Batteries - Secondary Batteries



  • Lead storage battery (Lead accumulators)
  • Nickel-cadmium (NICAD) cells
If you would like to contribute notes or other learning material, please submit them using the button below. | Electrochemistry part 33 (Secondary Battery :- Lead, Nickel Cadmiuml)

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Electrochemistry part 33 (Secondary Battery :- Lead, Nickel Cadmiuml) [00:07:25]
Series: Secondary Batteries

Related QuestionsVIEW ALL [3]

Read the passage carefully and answer the questions that follow.

The lead-acid battery represents the oldest rechargeable battery technology. Lead acid batteries can be found in a wide variety of applications including small-scale power storage such as UPS systems, ignition power sources for automobiles, along with large, grid-scale power systems. The spongy lead act as the anode and lead dioxide as the cathode. Aqueous sulphuric acid is used as an electrolyte. The half-reactions during discharging of lead storage cells are:

Anode: \[\ce{Pb(s) + SO^{2-}_4 (aq) -> PbSO4 (s) + 2e-}\]

Cathode: \[\ce{PbO (s) + 4H+ (aq) + SO^{2-}_4 (aq) + 2e- -> PbSO(s) + 2 H2O}\]

There is no safe way of disposal and these batteries end - up in landfills. Lead and sulphuric acid are extremely hazardous and pollute soil, water as well as air. Irrespective of the environmental challenges it poses, lead-acid batteries have remained an important source of energy.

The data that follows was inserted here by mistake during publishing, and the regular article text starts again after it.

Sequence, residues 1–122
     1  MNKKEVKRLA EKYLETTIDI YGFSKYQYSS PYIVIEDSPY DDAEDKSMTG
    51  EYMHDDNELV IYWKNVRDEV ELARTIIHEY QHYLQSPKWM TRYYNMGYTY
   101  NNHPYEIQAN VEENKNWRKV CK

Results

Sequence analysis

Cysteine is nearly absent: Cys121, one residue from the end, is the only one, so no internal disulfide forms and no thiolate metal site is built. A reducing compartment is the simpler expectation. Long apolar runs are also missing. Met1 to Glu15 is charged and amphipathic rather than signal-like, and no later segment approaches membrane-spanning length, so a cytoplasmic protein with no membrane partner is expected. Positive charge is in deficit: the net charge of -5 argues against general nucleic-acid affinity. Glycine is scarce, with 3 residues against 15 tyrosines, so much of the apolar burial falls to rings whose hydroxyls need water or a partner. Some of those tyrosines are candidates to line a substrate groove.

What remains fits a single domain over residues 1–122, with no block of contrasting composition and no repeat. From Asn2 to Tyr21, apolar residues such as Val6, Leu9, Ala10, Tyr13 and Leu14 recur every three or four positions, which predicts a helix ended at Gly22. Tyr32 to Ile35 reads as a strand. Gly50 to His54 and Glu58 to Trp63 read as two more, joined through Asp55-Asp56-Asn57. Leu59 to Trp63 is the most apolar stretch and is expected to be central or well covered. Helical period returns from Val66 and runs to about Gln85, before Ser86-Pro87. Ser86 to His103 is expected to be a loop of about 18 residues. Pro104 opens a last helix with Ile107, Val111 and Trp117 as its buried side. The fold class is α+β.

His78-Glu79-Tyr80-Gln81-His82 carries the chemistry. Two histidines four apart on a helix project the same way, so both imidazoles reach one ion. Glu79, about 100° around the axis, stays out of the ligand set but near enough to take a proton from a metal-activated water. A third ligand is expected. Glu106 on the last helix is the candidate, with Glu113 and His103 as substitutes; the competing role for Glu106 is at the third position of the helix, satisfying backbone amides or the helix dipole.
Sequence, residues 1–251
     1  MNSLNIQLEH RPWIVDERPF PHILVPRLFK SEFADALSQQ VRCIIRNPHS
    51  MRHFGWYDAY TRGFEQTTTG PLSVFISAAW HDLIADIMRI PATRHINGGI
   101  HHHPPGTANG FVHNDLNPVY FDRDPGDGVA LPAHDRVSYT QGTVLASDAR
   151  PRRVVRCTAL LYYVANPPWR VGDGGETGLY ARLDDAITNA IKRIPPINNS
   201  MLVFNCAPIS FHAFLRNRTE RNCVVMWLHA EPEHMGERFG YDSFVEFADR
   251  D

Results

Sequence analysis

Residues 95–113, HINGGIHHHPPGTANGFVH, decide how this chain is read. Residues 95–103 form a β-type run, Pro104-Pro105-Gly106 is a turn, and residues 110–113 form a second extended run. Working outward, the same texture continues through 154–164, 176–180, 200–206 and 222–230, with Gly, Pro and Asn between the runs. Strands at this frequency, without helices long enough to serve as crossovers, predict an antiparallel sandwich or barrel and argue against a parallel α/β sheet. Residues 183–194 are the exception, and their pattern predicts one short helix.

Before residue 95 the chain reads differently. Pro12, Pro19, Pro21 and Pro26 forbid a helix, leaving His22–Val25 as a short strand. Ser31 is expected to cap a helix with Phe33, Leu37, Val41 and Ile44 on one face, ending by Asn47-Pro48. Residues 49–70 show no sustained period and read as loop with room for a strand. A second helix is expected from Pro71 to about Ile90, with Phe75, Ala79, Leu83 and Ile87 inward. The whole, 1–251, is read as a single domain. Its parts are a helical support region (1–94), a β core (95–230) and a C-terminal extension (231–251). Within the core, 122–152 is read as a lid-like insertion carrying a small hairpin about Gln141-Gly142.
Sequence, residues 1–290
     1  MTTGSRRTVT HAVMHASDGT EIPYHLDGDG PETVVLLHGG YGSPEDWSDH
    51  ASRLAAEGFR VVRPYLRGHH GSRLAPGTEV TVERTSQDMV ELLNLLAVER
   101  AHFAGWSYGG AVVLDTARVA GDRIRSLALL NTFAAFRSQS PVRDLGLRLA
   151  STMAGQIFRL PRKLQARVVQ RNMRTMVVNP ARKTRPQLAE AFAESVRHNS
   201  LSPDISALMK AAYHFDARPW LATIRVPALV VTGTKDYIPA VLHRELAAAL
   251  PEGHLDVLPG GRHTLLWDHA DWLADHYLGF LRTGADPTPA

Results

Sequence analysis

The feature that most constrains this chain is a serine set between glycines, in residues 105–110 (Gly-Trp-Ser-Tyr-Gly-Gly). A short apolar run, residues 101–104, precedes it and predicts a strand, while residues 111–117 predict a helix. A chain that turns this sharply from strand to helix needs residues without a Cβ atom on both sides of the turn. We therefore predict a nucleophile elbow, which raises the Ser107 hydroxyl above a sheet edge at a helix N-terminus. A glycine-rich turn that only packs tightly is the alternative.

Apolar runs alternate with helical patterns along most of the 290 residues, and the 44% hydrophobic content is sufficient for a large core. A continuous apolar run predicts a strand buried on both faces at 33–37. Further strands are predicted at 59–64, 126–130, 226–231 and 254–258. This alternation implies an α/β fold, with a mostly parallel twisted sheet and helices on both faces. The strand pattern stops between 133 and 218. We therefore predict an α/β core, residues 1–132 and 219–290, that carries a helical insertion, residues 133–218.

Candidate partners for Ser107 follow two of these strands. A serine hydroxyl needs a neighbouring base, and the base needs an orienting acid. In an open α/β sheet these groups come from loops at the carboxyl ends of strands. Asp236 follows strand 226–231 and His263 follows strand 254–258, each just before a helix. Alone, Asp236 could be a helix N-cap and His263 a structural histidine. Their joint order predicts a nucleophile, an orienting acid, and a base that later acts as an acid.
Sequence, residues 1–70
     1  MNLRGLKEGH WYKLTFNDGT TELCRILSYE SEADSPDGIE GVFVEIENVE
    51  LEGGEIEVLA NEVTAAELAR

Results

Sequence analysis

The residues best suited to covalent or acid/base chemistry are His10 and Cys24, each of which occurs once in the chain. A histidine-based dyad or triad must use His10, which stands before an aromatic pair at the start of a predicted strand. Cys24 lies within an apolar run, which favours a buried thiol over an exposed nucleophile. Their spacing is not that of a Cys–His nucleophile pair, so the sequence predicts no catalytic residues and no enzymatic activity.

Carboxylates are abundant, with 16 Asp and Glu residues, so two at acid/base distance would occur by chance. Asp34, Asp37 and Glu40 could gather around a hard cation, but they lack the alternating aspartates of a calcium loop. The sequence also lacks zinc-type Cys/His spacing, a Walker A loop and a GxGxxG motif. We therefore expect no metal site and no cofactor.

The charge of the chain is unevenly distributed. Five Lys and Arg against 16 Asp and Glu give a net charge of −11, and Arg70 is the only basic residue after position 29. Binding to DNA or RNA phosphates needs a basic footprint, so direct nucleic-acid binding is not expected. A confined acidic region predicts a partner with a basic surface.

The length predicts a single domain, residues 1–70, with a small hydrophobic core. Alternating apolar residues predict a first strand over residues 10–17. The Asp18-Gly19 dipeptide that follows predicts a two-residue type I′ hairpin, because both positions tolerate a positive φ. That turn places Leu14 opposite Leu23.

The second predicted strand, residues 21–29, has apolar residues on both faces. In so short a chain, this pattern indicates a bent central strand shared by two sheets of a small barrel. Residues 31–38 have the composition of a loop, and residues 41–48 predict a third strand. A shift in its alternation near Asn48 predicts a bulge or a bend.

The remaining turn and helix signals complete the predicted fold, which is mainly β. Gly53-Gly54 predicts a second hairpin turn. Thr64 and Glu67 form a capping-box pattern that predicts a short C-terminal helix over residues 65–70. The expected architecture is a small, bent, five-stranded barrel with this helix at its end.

Designing green and sustainable battery systems as alternatives to conventional means remains relevant. Fuel cells are seen as the future source of energy. Hydrogen is considered a green fuel. Problem with fuel cells at present is the storage of hydrogen. Currently, ammonia and methanol are being used as a source of hydrogen for fuel cell. These are obtained industrially, so add to the environmental issues.

If the problem of storage of hydrogen is overcome, is it still a “green fuel?” Despite being the most abundant element in the Universe, hydrogen does not exist on its own so needs to be extracted from the water using electrolysis or separated from carbon fossil fuels. Both of these processes require a significant amount of energy which is currently more than that gained from the hydrogen itself. In addition, this extraction typically requires the use of fossil fuels. More research is being conducted in this field to solve these problems. Despite the problem of no good means to extract Hydrogen, it is a uniquely abundant and renewable source of energy, perfect for our future zero-carbon needs.

Answer the following questions:

  1. How many coulombs have been transferred from anode to cathode in order to consume one mole of sulphuric acid during the discharging of lead storage cell?
  2. How much work can be extracted by using lead storage cell if each cell delivers about 2.0 V of voltage? (1 F = 96500 C)
  3. Do you agree with the statement – “Hydrogen is a green fuel.” Give your comments for and against this statement and justify your views.


Imagine you are a member of an agency funding scientific research. Which of the following projects will you fund and why?

  1. safe recycling of lead batteries
  2. extraction of hydrogen

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